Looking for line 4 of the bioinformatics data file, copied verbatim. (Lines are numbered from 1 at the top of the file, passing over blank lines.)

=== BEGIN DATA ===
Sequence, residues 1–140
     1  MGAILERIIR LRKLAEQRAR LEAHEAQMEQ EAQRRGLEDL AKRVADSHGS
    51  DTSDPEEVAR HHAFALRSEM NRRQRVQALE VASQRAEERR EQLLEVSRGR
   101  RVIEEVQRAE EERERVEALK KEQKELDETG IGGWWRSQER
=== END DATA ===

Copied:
   101  RVIEEVQRAE EERERVEALK KEQKELDETG IGGWWRSQER